What Does It Mean? Proposed 2016 Tricare Changes


It's that time of year again: when Congress proposes big changes to all sorts of Defense Department related things, debates them for awhile, confuses everyone and then, ultimately, passes some sort of legislation that does almost nothing and orders a bunch of reports instead.

I kid. Sort of.

The reality is that this year we are actually likely to see some sort of Tricare reform come to fruition - but just what kind remains to be seen. The House and Senate both have different ideas about what should be done. And while their plans do have many similarities, I think it's time that we break it down SpouseBuzz style. In other words: in real-person English.

Here are their grand plans. And, big reminder here, all of this stuff is still in flux.

The plans for the plans:

Right now: We've got two basic Tricare options: Tricare Prime and Tricare Standard. There are some more nuanced versions of those for different groups (like Tricare Prime Remote or Tricare Young Adult) but they are all the same basic idea. Prime requires you to be seen at a Military Treatment Facility (MTF) if one is around and receive a butt-ton of referrals for stuff, and Standard gives you the freedom to pick your own doctor from within the network and self refer. Prime is free for active duty (and carries an enrollment fee for retirees) and Standard has a cost for everyone.

The House wants to: Shake it out, shake-shake it out. They want to keep Prime while blending some of the other Tricare plans into Tricare Preferred. All Tricare Preferred users would probably have an enrollment fee starting in 2020 if Tricare can prove that it's been good and figured out how to make sure everyone can get access to care to the satisfaction of Congress. Retirees would pay higher enrollment fees than they do now. All new active duty families starting in 2018 would have to pay an enrollment fee as well, regardless of plan. That's a big change -- currently no active duty members pay enrollment fees for Tricare.

The Senate wants to: Also shake it out. They want to keep Prime and combine the other plans into Tricare Choice. They'd also have higher and new enrollment fees, but none of them would be for active duty families. They would also create Secret Tricare Option 3 (not an official title) called "Tricare Choice" that would allow you to buy Tricare as a supplemental insurance for another plan. That could come in handy if you have an employer-sponsored health plan that isn't that great and you want more insurance.

If you ever get prescription drugs:

Right now: You pay pretty low fees, all things considered, that depend on what kind of drugs you get and where you get them. Drugs from the MTF are free (free! free!) but sometimes limited. Drugs from the mail order pharmacy are free if they're generic and cost $20 for a 90-day supply. If you're hitting up a retail pharmacy, yiou're paying $10 for a 30-day generic supply and $24 for a brand name.

The Senate wants to: Increase your fees. Between now and 2025, the cost of those generics at retail pharmacies would rise to $14, while a brand name would become $45. By 2024, generics via mail would be $14, while brand names by mail would be $45. Military treatment facility drugs would still be free (free! free!).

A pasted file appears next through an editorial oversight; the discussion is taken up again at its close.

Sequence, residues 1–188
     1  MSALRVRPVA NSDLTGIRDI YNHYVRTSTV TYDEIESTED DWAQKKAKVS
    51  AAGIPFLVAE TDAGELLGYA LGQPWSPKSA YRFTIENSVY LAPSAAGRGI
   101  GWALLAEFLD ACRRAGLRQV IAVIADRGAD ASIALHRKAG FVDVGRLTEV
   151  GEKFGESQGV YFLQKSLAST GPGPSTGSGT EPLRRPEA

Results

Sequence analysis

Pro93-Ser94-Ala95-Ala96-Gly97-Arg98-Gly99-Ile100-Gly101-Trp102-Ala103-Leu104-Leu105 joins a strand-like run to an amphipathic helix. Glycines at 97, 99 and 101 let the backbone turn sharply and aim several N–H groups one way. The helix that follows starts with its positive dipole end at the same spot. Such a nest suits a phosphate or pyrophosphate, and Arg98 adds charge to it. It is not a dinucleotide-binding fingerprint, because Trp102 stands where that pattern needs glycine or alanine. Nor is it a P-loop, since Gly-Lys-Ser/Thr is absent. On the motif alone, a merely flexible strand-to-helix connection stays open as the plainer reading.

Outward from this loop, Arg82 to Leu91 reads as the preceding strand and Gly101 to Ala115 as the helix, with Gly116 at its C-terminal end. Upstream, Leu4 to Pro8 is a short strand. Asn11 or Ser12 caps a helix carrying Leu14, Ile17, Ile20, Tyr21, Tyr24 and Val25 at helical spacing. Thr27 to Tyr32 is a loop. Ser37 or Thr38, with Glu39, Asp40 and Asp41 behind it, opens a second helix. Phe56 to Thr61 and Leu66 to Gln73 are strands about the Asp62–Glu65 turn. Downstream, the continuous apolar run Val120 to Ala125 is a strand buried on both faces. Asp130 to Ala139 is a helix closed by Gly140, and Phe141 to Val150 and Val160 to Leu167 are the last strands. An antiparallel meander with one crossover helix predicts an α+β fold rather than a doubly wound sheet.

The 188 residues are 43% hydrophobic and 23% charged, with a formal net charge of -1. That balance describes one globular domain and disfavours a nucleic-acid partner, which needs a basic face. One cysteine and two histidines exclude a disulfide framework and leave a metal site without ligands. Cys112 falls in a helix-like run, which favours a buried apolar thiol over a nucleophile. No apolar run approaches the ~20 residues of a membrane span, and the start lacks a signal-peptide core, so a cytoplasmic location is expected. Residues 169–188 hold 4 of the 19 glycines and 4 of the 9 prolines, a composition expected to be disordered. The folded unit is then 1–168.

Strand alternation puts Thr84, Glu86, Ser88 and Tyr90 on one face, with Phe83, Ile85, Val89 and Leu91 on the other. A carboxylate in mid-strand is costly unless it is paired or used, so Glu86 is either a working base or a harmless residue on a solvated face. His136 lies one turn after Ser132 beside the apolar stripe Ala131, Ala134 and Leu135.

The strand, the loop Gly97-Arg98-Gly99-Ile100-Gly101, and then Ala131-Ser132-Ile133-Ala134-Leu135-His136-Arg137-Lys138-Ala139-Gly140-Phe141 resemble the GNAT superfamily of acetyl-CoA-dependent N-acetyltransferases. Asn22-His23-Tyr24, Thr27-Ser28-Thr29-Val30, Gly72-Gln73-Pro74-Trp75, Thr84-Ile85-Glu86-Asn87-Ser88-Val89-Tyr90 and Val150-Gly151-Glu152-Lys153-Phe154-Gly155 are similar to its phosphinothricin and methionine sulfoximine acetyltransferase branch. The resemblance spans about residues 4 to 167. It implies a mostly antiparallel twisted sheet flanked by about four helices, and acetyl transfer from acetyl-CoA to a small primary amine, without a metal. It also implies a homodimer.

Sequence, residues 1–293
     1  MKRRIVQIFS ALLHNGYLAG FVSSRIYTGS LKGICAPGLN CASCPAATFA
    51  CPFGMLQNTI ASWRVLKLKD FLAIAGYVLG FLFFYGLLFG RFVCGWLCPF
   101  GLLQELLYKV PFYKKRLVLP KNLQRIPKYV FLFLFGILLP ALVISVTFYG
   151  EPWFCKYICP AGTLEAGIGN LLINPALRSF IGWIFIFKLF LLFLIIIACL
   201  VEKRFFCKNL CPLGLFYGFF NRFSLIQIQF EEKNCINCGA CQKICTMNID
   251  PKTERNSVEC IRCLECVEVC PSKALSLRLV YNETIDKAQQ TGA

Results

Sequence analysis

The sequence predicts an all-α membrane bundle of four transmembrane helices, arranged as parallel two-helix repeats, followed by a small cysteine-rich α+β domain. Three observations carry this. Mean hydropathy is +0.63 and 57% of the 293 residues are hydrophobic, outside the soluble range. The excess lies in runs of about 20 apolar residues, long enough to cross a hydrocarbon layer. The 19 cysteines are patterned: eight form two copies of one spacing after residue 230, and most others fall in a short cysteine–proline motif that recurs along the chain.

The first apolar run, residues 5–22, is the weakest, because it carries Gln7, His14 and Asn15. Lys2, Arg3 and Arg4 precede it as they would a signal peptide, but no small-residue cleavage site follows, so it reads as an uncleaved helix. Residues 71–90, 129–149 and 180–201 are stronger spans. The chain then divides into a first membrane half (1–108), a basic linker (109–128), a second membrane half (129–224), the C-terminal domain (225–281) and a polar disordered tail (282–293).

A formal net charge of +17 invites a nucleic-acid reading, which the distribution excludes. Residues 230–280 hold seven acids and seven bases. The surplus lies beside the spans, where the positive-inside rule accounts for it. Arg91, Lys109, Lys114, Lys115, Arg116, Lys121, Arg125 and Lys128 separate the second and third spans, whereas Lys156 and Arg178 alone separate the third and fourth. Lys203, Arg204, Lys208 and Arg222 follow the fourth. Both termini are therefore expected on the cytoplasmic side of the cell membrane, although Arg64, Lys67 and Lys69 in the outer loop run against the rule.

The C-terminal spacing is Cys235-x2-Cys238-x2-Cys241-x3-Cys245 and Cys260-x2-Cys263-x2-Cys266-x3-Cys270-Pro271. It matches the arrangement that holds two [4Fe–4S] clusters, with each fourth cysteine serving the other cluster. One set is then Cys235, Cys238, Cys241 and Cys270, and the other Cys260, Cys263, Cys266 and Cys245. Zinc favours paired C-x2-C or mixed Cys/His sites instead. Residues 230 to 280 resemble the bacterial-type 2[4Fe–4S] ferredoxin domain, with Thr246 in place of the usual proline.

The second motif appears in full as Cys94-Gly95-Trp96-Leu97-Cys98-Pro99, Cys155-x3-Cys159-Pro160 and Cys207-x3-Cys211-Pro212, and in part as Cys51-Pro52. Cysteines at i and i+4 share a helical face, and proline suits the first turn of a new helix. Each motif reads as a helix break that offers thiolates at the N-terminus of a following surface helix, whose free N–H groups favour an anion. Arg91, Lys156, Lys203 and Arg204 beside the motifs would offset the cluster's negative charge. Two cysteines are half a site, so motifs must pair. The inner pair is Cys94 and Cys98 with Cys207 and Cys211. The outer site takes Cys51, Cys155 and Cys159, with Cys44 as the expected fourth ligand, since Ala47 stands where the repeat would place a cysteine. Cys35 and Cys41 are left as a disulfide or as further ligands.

The House wants to: Do nothing ... except order a report about whether or not the DoD would actually save money by making it easier for Tricare users to get their drugs from retail pharmacies. A report? What a shock. (<---- sarcasm).

If you care about Urgent Care:

Right now: If you remember, thanks to a pilot program ordered by Congress for 2016, every Tricare Prime user gets two freebie, no-referral-needed- Urgent care visits per year to call their very own. That goodness started May 23. After that you need a referral, which sometimes you can get from the Tricare nurse advice line, but mostly you have to get from you provider. If you're on Standard you can already go to Urgent Care without a referral, so this isn't about you.

The House and Senate both want to: Eliminate the need for referrals entirely. No two-visit cap. No nurse advice line. Just you and the urgent care. Glory be.

If you like to miss appointments:

Right now: Missing appointments is kind of no big deal at a military treatment facility. Oh, they might give you the side eye, but it's not like it costs anything.

The Senate wants to: Charge you money. They don't really say how much -- just that the DoD should do it if you don't cancel within 24 hours or fail to show-up.

The House: Didn't bother with this.

If you're in the Reserves:

Right now: You can buy Tricare Reserve Select. It works a lot like Standard, except that you also pay a $200-odd monthly enrollment fee. It's pretty great compared to many civilian health insurance plans.

The Senate wants to: Run a pilot program in which you can instead by civilian healthcare from the DoD, not unlike what you'd get from your civilian employer. There's not a ton of details on cost in the proposal, but my educated guess is that it would cost more than Tricare, since pretty much everything costs more than Tricare.

The House: doesn't say anything about this one, either.

Other juicy Tricare tidbits:

Yes, there are a few other Tricare tidbits proposed in both the House and Senate legislation -- a few reports on this and that, for example, and a plan by the Senate to let Tricare cover "specialty food" needed medically for some conditions, like Crohn's disease. As always, you can go and read the legislation for yourself, too. Here is the Senate's version, and here is the House version.

Don't have too much fun with that, you hear?

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